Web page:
Itr is widely believed that easing social distancing without a proper programme of testing, contact tracing and isolating will lead to a second wave of coronavirus. But the fact remains that the procedure of testing has not been satisfactory. The governments across the world have been found to be faulting on this count. Mass testing, contact tracing and isolating require a huge effort.

Everyone is desperate to know when the lockdown will end and life will go back to “normal”. With pretty much unlimited internet access in a nationwide lockdown, people are spending most of their time streaming online, gaming, or scrolling through social media. Let’s take a deeper look.The pandemic has plunged the world into a great deal of uncertainty. The sudden and strange upheaval has brought our lives to a screeching halt . People are worried about their health, jobs, and finances but the real struggle, for most of us, is to deal with the isolation and the mental toll it takes.

With friends and family away from each other and unable to meet, mobile gaming is offering an interactive way to stay connected. Multiplayer games like Ludo King, Houseparty, Pubg and Psych are at an all-time high right now with the digitised version of the classing family game ludo enjoying as many as 50 million daily active users. On the other hand, reports show that user engagement on Houseparty and Psych reached a level where people started experiencing lags. If you haven’t tried these games yet, now would be the time.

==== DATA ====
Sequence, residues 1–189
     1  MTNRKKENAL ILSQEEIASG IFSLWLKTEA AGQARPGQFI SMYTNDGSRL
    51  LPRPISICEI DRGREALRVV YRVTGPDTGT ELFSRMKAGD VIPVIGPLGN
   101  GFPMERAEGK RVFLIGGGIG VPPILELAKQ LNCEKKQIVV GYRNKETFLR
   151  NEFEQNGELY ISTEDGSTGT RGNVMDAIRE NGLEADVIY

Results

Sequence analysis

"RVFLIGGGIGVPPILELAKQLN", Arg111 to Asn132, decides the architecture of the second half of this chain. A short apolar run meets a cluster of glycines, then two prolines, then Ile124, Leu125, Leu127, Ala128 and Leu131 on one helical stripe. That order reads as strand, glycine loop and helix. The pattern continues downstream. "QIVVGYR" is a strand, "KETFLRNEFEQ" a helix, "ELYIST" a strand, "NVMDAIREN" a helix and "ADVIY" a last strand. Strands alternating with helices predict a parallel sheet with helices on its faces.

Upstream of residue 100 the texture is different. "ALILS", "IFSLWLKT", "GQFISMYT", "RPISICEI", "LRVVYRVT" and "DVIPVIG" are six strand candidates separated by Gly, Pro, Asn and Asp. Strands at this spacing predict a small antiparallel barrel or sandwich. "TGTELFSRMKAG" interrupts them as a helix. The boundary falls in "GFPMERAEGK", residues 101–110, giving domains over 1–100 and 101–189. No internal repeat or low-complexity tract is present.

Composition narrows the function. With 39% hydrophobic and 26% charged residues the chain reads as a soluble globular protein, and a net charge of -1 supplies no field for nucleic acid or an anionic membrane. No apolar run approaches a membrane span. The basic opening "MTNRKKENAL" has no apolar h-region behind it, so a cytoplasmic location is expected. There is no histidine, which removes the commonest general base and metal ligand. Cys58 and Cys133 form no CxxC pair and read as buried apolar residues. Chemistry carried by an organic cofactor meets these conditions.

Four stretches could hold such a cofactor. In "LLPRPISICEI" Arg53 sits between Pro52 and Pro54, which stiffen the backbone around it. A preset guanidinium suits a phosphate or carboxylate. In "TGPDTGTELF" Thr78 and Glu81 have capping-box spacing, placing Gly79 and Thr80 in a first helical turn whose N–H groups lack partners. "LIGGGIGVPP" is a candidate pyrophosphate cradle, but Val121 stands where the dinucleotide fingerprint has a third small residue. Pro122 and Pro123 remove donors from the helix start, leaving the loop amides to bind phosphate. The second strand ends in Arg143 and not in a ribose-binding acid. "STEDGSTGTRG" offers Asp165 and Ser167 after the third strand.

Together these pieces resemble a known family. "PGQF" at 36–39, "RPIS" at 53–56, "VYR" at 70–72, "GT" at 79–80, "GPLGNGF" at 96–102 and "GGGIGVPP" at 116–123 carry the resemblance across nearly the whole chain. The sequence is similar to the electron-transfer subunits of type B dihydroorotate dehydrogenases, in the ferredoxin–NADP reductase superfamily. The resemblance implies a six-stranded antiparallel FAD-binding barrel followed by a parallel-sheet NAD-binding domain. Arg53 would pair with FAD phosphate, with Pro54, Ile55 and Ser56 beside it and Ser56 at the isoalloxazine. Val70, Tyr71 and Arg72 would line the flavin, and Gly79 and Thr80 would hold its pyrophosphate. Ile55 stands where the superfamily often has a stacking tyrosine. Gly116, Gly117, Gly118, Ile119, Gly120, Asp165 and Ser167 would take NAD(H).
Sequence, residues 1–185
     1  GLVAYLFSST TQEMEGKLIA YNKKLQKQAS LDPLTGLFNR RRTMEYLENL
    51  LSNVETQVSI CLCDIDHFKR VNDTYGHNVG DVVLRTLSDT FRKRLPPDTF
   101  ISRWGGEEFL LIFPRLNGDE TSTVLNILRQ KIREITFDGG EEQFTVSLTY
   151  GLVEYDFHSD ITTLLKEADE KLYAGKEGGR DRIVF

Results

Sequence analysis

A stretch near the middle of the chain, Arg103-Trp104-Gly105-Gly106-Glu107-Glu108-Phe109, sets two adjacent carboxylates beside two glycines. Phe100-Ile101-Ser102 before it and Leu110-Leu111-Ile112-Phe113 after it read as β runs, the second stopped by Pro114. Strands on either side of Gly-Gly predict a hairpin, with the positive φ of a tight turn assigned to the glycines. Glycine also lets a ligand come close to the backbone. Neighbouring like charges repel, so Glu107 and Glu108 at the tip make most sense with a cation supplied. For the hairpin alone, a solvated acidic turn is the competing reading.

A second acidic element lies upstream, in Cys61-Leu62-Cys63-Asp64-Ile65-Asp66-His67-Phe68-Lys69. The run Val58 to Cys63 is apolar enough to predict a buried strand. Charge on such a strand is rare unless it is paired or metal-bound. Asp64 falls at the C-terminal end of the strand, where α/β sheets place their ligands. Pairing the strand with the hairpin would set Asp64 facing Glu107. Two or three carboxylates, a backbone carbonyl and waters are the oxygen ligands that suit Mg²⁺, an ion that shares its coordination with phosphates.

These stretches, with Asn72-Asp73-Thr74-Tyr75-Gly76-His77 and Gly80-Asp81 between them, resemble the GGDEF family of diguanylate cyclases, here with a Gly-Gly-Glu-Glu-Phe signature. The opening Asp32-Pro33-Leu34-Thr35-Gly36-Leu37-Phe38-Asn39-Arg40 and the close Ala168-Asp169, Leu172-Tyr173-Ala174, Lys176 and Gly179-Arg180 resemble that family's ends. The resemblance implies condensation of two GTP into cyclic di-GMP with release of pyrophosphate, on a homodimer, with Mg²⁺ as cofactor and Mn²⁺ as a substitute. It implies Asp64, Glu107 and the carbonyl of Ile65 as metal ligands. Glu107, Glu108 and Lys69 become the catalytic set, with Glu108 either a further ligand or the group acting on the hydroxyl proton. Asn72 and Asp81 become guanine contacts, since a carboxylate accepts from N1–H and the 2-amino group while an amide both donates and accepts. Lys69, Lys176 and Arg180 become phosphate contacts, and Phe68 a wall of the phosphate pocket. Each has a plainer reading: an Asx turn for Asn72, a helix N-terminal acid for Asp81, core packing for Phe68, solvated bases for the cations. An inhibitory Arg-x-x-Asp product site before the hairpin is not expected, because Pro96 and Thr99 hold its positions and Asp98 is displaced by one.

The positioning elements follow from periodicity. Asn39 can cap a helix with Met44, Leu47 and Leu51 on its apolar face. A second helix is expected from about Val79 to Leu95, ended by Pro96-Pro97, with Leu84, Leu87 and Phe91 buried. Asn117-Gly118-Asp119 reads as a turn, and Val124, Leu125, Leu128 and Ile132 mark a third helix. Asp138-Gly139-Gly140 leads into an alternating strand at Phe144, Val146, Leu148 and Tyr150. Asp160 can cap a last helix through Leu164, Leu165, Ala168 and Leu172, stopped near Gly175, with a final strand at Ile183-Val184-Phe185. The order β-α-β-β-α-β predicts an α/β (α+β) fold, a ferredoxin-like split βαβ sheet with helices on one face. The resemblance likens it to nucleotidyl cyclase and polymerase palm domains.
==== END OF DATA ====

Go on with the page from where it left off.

Self-motivation is good but that is not all. One needs to take some steps to remain positive during the lockdown. Amid the continued lockdown, many of us may be experiencing stress and anxiety, for reasons ranging from the fear of contracting the virus, challenges in work-life balance to simply the feeling of confinement. This is also giving rise to negative emotions that affect our well-being.